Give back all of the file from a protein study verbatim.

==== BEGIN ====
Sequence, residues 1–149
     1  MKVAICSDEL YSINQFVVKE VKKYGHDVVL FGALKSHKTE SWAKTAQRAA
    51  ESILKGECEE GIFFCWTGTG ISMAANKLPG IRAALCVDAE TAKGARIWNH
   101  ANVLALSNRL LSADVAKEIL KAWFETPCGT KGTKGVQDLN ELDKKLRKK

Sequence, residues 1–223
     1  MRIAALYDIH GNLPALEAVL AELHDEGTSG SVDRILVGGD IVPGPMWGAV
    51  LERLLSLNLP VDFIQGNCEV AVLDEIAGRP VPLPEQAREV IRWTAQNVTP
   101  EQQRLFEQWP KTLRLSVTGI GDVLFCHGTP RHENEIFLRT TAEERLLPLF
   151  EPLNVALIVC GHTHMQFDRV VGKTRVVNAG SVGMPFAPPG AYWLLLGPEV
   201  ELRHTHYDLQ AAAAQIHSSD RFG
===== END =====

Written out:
Sequence, residues 1–149
     1  MKVAICSDEL YSINQFVVKE VKKYGHDVVL FGALKSHKTE SWAKTAQRAA
    51  ESILKGECEE GIFFCWTGTG ISMAANKLPG IRAALCVDAE TAKGARIWNH
   101  ANVLALSNRL LSADVAKEIL KAWFETPCGT KGTKGVQDLN ELDKKLRKK

Sequence, residues 1–223
     1  MRIAALYDIH GNLPALEAVL AELHDEGTSG SVDRILVGGD IVPGPMWGAV
    51  LERLLSLNLP VDFIQGNCEV AVLDEIAGRP VPLPEQAREV IRWTAQNVTP
   101  EQQRLFEQWP KTLRLSVTGI GDVLFCHGTP RHENEIFLRT TAEERLLPLF
   151  EPLNVALIVC GHTHMQFDRV VGKTRVVNAG SVGMPFAPPG AYWLLLGPEV
   201  ELRHTHYDLQ AAAAQIHSSD RFG